“There does seem to be a certain lack of intensity.”

⁃ Sec. of State Bill Galvin on the 2022 state election

There’s your early leader in the clubhouse for understatement of the year. And according to Galvin, the “slow” pace of mail-in voting points to a turnout of hundreds of thousands fewer voters than the last midterms.

It’s not as if the 2018 ballot was significantly sexier than this year’s uncompetitive dud. The Warren-Diehl Senate race never polled closer than 22 points. The Baker-Gonzalez gubernatorial matchup was like an old Mutt & Jeff comic strip without the hilarity. The ballot questions were low-key affairs.

This cycle features an open governor’s race that held the potential for competitiveness until GOP leadership drove their chances into a bridge abutment, vacancies for attorney general and auditor, and ballot questions touching on third-rail issues of taxation and immigration. And while the Congressional seats are barely contested, a red-hot battle for Capitol control in the lower 49 states could have conceivably pulled out some message-sending locals.

But that doesn’t seem to be happening. So what explains this voter torpor?

Don’t discount tune-out. The two televised gubernatorial debates were a windfall for competing programming. And a Reuters survey earlier this year documented a “sharp” global increase in news avoidance, “with many respondents saying news has a negative effect on their mood.”

Maura Healey, the one candidate who might have used her milk-run race as an opportunity to generate positive excitement around a creative agenda for the future – as Michelle Wu tried to do during her 2021 Boston mayoral bid – has instead run a mostly defensive, no turnovers campaign that reeks of unnecessary insecurity. Case in point: Healey’s conspicuous refusal to endorse state Sen. Becca Rausch for reelection – one of just two out of 19 incumbent Democratic senators she’s dissed this way.

Rausch is not universally adored by her colleagues and apparently pissed off Healey with her active support of Sen. Sonia Chang-Diaz’s failed primary campaign. But her challenger, state Rep. Shawn Dooley, is a right-wing Republican who publicly attacked Gov. Charlie Baker at the height of the pandemic as a “King Charles Spaniel” issuing “tyrannical decrees” that have “killed our economy,” comparing his COVID shutdowns and mandates with the terror tactics of the Cold War-era East German secret police.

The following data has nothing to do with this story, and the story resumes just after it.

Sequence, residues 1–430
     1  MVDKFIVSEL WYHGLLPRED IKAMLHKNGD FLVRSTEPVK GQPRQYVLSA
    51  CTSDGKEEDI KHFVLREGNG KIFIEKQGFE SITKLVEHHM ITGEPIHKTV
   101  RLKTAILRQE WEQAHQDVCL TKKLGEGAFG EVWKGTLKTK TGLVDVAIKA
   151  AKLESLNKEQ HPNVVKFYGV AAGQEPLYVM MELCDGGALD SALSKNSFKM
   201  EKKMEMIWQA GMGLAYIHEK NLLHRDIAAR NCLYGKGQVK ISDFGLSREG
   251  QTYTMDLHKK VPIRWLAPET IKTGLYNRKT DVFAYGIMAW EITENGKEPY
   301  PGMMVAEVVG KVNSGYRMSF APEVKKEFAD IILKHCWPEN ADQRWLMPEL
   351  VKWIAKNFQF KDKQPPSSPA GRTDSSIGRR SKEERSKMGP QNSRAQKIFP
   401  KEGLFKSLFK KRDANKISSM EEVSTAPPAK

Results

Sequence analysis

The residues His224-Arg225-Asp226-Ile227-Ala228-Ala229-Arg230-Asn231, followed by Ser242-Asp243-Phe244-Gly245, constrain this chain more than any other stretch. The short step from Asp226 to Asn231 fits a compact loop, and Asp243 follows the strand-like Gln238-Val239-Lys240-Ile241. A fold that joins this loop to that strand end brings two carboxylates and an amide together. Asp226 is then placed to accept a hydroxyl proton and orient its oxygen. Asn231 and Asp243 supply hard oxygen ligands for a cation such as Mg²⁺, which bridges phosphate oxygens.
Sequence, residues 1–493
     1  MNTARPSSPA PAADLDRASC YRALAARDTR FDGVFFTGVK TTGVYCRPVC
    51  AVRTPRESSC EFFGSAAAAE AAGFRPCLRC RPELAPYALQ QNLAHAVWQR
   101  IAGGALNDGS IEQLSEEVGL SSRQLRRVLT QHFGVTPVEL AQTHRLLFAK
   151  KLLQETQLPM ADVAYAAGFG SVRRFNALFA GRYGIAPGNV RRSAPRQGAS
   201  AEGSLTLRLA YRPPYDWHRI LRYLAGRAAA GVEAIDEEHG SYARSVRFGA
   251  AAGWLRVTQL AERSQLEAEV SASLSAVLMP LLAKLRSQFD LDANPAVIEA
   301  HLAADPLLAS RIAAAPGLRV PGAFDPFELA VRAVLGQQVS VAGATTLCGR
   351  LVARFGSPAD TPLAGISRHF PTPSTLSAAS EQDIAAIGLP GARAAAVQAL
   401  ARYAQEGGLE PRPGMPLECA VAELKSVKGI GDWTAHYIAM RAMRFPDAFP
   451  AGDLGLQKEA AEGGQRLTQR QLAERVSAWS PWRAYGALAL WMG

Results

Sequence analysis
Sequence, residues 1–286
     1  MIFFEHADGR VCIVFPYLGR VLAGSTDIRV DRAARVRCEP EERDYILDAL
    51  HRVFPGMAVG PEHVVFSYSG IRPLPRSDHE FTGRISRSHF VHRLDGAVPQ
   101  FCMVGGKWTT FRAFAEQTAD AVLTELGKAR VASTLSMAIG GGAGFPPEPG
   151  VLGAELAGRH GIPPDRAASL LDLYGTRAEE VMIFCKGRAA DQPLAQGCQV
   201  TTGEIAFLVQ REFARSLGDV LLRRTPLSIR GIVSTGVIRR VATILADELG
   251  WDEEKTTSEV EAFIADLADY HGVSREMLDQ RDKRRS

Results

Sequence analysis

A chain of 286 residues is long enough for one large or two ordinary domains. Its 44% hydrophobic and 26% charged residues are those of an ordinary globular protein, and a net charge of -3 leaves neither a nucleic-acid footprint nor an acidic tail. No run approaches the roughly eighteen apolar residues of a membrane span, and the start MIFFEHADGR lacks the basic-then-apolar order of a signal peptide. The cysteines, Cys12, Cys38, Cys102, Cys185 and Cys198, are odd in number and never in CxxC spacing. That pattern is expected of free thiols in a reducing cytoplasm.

This is who Healey’s unwilling to stand up against out of petty spite? How are voters supposed to take seriously her latest basketball-analogy-laden TV ad when it claims: “She’s a team player”?

And in fairness to the apathetic, the tone of political discourse is enough to send civilized voters lunging for the off button on their remote. Healey wants cities to be torched by rioters? Trump antithesis Anthony Amore is really a Trumper trying to pass? Come on.

Everything gets blamed on the pandemic these days. And whether you’re a Democrat appalled at the anti-vax, bleach-injecting stupidity of the right’s response to the plague or a Republican disgusted by school and business closures, it isn’t surprising to see them turning away from the entire bleep-show in horror. Grappling with inflation is preoccupying, the failure of political elites to mitigate it alienating.

This is the political hellscape local officeholders face for the near future, a toxic mix of apathy, cynicism and the inchoate anger that spews vitriolic heckling and trolling.

The sad moral of the story for those brave few still willing to seek public office – be careful what you wish for.

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Jon Keller has been covering Beacon Hill for nearly 40 years, giving you a candid take on what’s going on up there. From calling out politicians to the common voter, he shares his take in a weekly column published every Tuesday with MASSterList.